Ethanoic acid (acetic add) is a weak acid which dissociates in water.

**CH _{3} COOH + H_{2} 0 ≈ CH_{3} C00^{–} + H_{3}O^{+}**

An add has an acidity constant K_{a} which is similar to an equilibrium constant K_{a}’

**K _{a}’ = [(CH_{3} C00^{–}) (H_{3}O^{+})] / [(CH_{3} C00H) (H_{2}O)]**

Where each of the terms in square brackets have been divided by the standard concentration c° = 1 mol L^{-1} and so the units cancel out to give the pure number, dimensionless “concentrations”. The concentration of the solvent, water, [H_{2} 0] is approximately constant and is incorporated into the acidity constant K_{a} to give

**K _{a}’ = [(CH_{3} C00^{–}) (H_{3}O^{+})] / [CH_{3} C00H]**

Acetic add has an acidity constant K_{a} = 1.8×10^{-5}. Calculate the hydronium ion concentration [H_{3}O^{+}] for a 0.15 mol L^{-1} solution of acetic add? We can tackle this chemical problem by saying the fraction of acid dissociated at equilibrium is x. For each molecule of acid that dissociates it gives an equal number of acetate anions and hydronium cations. So at equilibrium the tricky chemical problem has been reduced to solving the quadratic equation using the quadratic formula.

**1.8X 10 ^{-5} = x^{2} / (0.15 —x)**

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**Solution**

The fraction of acid lost in going to the equilibrium, x, is found by solving the quadratic equation by: (1) multiplying both sides of the equation by the right hand denominator and cancelling out in any single term; (2) multiplying out the bracket;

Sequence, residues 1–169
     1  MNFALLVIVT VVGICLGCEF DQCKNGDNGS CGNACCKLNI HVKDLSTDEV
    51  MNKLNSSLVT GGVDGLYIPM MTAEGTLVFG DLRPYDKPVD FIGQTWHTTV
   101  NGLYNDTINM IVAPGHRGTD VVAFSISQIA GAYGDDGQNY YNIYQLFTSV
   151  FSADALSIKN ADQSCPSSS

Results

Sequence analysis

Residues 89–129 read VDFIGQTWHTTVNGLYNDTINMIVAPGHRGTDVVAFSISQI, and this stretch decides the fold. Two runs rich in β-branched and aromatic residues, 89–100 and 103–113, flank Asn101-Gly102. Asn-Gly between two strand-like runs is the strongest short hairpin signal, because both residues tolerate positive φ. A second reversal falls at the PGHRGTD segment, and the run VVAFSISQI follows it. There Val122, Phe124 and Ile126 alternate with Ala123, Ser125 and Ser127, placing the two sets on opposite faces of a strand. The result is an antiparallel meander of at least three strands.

**(1.8 x 10 ^{-5}) (0.15 —x) = x^{2} (2.7 x 10^{-6}) – (1.8 x 10^{-5}) = x^{2}**

(3) rearranging to the form of a standard quadratic equation; (4) the standard quadratic is solved using the quadratic formula where the symbols have their conventional meanings.

Note the change of sign to the second term within the square root and also the large difference in magnitude between b_{2} and 4ac. I will temporarily be keeping some extra significant figures in order to show the effect of this relative difference in magnitudes between b_{2} and 4ac.

Once we have taken the square root of the second term in the numerator then we only need to retain a sensible number of 4 or 5 significant figures. So which value of x applies in this question? Remember that x is the fraction of acetic acid that has dissociated. A fraction is a positive number of less than one. Another way of looking at this is that you cannot have a negative concentration, thus the chemically correct result is

**C _{H3O}^{+} = x mol L^{-1} = 1.6 x 10^{-3} mol L^{-1}**

Note: even though some of the data is only given to 2 significant figures it is necessary in order to not lose accuracy in the intermediate steps to carry out the calculation to 4 or 5 significant figures and before the square root is taken to 8 significant figures due to the large difference in the orders of magnitude of b^{2} and 4ac.

Although not part of the question, for the 0.15 mol L^{-1} acetic acid solution, this concentration of H_{3} O^{+} corresponds to a pH = 2.8.

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